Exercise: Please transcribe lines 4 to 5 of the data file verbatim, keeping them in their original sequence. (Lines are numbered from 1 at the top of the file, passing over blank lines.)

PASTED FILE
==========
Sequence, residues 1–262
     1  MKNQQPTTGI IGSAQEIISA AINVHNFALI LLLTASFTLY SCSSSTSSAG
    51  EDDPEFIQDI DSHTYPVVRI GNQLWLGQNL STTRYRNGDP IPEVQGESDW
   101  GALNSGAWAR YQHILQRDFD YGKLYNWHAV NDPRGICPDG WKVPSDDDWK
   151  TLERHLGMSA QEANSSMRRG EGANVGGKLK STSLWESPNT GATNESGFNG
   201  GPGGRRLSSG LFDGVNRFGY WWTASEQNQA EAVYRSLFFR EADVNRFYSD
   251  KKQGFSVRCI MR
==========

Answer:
   101  GALNSGAWAR YQHILQRDFD YGKLYNWHAV NDPRGICPDG WKVPSDDDWK
   151  TLERHLGMSA QEANSSMRRG EGANVGGKLK STSLWESPNT GATNESGFNG